The thought of Miss Brackett brings to mind her close friend and associate, the famous Ray Bradbury, with whom she penned Lorelei of the Red Mist. His The Martian Chronicles was the first OSS novel I ever read, and so it seems a decent place to search.
Many of the stories in this wonderful novel stick in my mind, but none like The Third Expedition. The first time I read it, it gave me the chills, and the last few pages are pure atmospheric genius. I would transcribe some of it here, but I fear spoiling anything. Go out and read it yourself, you’ll be glad you did!
I suppose I could call my blog The Fourth Expedition, to follow the third. It’s not quite right yet, but it’s getting there!
The thoughts of my Mars-obsessed youth (not much changed from today) bring me to the book that really got the infatuation going for me, before I had even read it. H. G. Well’s The War of the Worlds!
Yet across the gulf of space, minds that are to our minds as ours are to those of the beasts that perish, intellects vast and cool and unsympathetic, regarded this earth with envious eyes, and slowly and surely drew their plans against us.
The War of the Worlds! So many great quotes, so many opportunities for inspiration! Perhaps I could name my blog “Falling in with the Curate” or “At the Window” or “Blog Under the Martians”. Those are all fun, but I suspect that only one who has read the novel as frequently as I’m afraid to admit I have would get it.
However, I’ve noticed a theme with the most of these books: Mars, and sinister Mars at that. It’s not a surprise, given my tastes, but it makes me think of a NOSS book which embodies sinister Mars to a T, S.M. Stirling’s In the Courts of the Crimson Kings.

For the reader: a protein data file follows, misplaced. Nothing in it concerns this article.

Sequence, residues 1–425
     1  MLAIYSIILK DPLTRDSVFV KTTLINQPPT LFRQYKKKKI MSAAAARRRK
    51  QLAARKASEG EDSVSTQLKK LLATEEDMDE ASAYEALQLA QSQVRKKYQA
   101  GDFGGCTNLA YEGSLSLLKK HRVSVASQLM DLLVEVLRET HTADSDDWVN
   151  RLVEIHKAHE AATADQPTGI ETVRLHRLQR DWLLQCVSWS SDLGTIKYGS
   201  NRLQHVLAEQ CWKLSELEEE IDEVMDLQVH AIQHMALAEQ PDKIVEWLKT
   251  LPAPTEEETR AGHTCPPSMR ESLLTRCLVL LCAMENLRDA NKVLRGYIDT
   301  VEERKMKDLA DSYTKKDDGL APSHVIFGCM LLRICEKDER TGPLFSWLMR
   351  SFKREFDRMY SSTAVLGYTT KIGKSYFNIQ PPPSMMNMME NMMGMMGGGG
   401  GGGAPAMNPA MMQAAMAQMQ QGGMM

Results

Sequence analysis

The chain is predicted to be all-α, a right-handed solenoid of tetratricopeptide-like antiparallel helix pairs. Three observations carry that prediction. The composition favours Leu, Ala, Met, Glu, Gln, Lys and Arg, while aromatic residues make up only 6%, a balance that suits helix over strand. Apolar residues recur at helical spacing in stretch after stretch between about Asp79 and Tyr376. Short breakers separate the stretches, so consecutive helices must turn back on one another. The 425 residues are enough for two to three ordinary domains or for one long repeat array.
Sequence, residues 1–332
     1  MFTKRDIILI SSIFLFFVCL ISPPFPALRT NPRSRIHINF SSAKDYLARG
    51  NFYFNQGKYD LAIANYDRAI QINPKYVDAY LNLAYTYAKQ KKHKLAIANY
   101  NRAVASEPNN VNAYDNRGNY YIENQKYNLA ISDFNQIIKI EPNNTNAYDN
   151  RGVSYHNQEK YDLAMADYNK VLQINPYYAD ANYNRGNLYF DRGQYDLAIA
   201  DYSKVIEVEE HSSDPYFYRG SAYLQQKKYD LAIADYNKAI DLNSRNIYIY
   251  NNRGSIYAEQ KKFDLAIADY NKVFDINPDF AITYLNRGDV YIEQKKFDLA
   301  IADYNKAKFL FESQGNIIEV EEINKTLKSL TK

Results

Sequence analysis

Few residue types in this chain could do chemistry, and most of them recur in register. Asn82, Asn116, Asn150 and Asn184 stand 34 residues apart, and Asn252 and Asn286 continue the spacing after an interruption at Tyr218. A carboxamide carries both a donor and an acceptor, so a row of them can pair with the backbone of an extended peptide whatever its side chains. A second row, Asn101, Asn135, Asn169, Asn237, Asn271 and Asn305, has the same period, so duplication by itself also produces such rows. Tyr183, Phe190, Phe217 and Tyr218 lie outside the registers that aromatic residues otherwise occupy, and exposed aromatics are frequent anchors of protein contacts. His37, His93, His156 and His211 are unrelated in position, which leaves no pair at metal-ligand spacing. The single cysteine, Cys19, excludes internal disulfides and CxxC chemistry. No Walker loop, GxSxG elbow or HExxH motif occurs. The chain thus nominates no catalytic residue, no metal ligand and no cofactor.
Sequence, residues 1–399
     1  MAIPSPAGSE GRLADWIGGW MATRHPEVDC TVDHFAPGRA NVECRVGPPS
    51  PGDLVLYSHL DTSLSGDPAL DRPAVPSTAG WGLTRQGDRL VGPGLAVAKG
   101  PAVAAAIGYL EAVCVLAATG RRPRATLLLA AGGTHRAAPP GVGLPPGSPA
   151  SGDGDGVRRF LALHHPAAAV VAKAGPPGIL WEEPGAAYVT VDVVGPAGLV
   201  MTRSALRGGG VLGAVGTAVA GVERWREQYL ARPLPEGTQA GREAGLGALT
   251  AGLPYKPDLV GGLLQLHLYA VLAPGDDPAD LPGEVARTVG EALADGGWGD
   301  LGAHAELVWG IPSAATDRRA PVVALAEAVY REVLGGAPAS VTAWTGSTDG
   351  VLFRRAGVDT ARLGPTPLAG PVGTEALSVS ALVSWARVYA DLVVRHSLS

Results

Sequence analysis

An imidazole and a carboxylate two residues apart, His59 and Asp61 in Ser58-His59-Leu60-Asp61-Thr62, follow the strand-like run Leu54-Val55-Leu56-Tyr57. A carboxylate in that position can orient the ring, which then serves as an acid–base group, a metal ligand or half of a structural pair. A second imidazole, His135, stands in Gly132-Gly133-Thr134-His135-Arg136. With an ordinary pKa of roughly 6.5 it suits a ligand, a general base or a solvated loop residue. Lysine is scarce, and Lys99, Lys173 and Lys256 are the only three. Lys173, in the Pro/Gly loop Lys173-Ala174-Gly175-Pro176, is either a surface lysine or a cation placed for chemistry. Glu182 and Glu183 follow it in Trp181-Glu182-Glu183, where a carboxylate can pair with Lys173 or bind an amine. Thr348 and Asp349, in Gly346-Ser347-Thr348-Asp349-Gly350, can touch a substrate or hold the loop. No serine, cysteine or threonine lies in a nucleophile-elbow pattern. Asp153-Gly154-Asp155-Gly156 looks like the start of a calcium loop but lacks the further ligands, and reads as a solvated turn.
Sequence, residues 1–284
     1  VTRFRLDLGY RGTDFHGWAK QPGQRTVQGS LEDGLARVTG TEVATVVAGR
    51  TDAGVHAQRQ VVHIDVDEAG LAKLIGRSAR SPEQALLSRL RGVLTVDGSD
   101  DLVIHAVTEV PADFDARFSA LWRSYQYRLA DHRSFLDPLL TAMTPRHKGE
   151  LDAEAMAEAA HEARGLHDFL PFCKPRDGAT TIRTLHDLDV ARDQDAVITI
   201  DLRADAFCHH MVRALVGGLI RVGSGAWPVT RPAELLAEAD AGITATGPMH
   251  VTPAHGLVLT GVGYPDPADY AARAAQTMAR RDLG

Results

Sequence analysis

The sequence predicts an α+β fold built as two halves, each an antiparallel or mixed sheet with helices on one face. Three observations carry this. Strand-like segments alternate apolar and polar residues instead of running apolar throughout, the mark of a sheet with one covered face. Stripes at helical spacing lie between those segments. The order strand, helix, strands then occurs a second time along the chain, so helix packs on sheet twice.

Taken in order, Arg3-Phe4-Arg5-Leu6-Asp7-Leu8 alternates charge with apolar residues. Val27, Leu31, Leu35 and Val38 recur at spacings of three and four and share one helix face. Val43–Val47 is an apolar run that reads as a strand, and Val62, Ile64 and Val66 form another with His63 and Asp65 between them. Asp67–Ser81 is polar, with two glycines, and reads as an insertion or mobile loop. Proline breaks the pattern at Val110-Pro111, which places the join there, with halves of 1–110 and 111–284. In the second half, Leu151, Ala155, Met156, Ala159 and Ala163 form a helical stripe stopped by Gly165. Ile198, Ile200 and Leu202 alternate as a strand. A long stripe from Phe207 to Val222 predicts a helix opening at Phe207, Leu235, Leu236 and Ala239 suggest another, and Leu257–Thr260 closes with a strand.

Since I keep bringing up introductions, this book’s got a great one, wherein the most famous of the golden age authors get together to watch the first footage from the surface of Mars. The rest of the book is also fantastic, breathing fresh life into OSS themes, helping them to live on past the space age. It’s a notion I approve of heart and soul, and Stirling’s Lords of Creation duology (of which “Kings” is a part) is one of my favorite books!
After a few minutes flipping through the novel, I noticed that the landship which the heroes use for locomotion is named “The Intrepid Traveler.” That seems to sum up the OSS rather nicely, as well as capture the likely nomadic nature of my thoughts as they wander through my brain and into this blog.
Perhaps a minor change, though. I think I’ll call this “The Intrepid Travelogue.” Yes, that has a nice ring to it.
2017 January 29th: Slaves of Venus
2017 February 5th: Allen M Steele's Enigmatic Mars
2017 February 19th: A Return to Bradbury's Mars: thoughts on
Matthew Hughes' "The Ugly Duckling"
2017 March 16th: Sailing the Seven Spaceways
2017 March 17th: A Coercive of Mars
2017 March 21st: Reconsidering a Unique Martian Tale:
"Shoals" by Mary Rosenblum
2017 June 9th: Still in orbit!
2017 June 27th: To the Belt with Alan E Nourse
2017 June 28th: Chill on Beautiful Iskar!
2017 July 12th: Out Of... Mars?
2017 December 11th: Another NHOSS Adventure -
James S A Corey's "A Man Without Honor"